Doctors see more cases of 'cellphone elbow'
As people spend more time gabbing on cellphones, doctors in the U.S. say they are seeing more cases of numbness, tingling and pain from "cellphone elbow."
Cubital tunnel syndrome is similar to carpal tunnel syndrome that causes pain in the hand and wrist, but in this case it's the ulnar nerve that crosses the inside of the elbow that gets pinched.
"Cellular telephone use has increased exponentially, with 3.3 billion service contracts active worldwide — or about one for every two people on the planet," Dr. Peter Evans, director of the Cleveland Clinic's Hand and Upper Extremity Center, and his colleagues wrote in the May issue of the Cleveland Clinic Journal of Medicine.
"The exact incidence of cellphone elbow is not known, but anecdotal reports and our own clinical experience indicate that its incidence parallels the rise in the use of cellphones and computer workstations."
The repetitive strain injury is caused by prolonged flexing of the elbow, including from:
- Pulling, reaching or lifting.
- Constantly leaning on the elbow to talk on the phone, or resting an elbow on a window frame during a long drive, or on wheelchairs.
- Typing for hours with arms bent at a 90-degree angle.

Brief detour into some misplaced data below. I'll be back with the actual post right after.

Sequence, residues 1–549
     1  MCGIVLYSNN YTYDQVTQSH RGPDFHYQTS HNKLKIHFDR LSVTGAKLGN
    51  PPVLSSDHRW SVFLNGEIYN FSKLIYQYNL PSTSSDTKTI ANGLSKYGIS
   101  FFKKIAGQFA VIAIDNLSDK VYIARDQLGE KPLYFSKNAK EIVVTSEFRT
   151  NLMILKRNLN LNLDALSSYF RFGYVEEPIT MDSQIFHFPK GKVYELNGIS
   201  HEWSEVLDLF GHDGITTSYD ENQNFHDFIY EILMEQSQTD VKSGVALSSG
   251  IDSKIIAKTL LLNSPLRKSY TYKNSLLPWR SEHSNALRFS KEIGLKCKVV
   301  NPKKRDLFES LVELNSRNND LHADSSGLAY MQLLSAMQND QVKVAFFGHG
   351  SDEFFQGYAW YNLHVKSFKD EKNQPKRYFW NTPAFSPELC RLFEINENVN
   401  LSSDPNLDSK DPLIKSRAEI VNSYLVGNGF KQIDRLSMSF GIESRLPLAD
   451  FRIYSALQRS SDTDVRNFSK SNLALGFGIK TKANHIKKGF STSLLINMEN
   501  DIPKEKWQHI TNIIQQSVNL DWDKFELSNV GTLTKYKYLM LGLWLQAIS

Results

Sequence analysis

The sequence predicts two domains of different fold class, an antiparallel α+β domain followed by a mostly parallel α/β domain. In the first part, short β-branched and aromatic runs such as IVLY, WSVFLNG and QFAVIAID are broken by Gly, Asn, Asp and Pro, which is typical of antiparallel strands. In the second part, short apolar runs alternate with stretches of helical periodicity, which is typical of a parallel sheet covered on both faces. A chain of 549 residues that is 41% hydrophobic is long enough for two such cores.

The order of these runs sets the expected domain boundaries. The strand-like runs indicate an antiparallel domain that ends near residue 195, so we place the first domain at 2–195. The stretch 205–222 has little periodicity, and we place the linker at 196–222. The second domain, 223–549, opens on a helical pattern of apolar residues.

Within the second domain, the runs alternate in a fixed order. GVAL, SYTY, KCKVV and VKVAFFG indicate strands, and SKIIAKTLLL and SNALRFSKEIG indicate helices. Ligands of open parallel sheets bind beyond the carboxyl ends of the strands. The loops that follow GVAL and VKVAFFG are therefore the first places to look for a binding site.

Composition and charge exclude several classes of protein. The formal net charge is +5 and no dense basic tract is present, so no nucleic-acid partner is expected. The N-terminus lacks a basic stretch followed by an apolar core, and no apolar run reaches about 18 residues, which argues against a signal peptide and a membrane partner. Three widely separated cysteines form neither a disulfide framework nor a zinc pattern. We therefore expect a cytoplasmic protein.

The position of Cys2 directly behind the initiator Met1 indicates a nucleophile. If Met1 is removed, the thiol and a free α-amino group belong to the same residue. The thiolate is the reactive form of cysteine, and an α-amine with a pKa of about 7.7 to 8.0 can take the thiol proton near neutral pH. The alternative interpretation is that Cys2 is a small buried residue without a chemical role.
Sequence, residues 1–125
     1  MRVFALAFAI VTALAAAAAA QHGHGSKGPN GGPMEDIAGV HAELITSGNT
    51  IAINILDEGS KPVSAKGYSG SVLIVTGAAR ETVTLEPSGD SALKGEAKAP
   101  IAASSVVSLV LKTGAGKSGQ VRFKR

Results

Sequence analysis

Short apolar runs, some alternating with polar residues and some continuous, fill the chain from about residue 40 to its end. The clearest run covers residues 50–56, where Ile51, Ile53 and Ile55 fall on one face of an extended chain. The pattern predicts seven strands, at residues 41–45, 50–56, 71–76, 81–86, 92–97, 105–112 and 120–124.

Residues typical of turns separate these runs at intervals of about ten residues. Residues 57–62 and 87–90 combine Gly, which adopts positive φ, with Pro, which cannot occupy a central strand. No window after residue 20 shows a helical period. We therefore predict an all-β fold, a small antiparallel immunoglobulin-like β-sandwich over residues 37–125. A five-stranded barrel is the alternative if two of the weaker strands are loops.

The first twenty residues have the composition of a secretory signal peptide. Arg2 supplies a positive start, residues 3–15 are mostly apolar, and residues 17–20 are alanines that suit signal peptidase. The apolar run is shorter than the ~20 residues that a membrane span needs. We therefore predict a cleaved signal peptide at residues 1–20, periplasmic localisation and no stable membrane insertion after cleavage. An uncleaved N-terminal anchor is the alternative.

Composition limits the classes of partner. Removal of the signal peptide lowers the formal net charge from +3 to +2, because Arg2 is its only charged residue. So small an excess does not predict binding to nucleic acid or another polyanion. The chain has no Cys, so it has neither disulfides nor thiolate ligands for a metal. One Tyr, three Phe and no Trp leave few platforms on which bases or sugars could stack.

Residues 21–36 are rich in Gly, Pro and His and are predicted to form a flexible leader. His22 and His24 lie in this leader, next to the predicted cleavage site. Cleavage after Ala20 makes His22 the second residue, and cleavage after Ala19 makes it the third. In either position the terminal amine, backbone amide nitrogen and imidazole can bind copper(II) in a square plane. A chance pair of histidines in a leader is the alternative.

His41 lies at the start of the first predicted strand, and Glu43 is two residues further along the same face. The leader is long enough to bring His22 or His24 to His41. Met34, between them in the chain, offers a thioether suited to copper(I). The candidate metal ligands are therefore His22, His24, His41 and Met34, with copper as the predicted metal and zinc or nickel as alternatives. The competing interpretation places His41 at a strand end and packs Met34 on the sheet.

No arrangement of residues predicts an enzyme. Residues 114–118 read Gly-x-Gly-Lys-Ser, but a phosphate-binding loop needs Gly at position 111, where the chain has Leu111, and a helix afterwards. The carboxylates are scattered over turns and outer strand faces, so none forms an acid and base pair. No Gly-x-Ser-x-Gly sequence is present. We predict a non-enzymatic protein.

- Keeping the elbow bent at night while sleeping.
- Sustaining an injury to the elbow area.
Patients with cubital tunnel syndrome often notice numbness inside the hand in the ring and little finger but symptoms vary between people.
"It's quite interesting, actually," said Jennifer Howey, a physiotherapist in Toronto. "Today, with technology, we have cellphone elbow but we commonly also see Blackberry thumbs and now Wii shoulders."
When the ulnar nerve is stretched and tensed for a long time, it will become irritated and not perform well.
Physiotherapy and acupuncture can settle the inflammation, and shaking and pumping the arm can also help, Howey suggested.
If the nerve compression persists, symptoms may worsen to hand fatigue and weakness, including difficulty opening bottles or jars, Evans's team said.
In most cases, lifestyle changes can help prevent or resolve symptoms, the researchers added. These include:
- Using a hands-free headset.
- Switching hands while on the phone.
- Using an elbow pad to keep the arm straight at night.
In severe cases, the pinkie and ring finger can curl up.
To diagnose the syndrome, doctors take a complete medical history and physical exam, and they may order tests of nerve conduction and muscle function.
Stopping the activity that is causing the problem is the most effective treatment, according to the University of Virginia Health System's web page on the topic.
Other treatment options include reducing or ceasing activities that aggravate the condition, anti-inflammatory medications and surgery.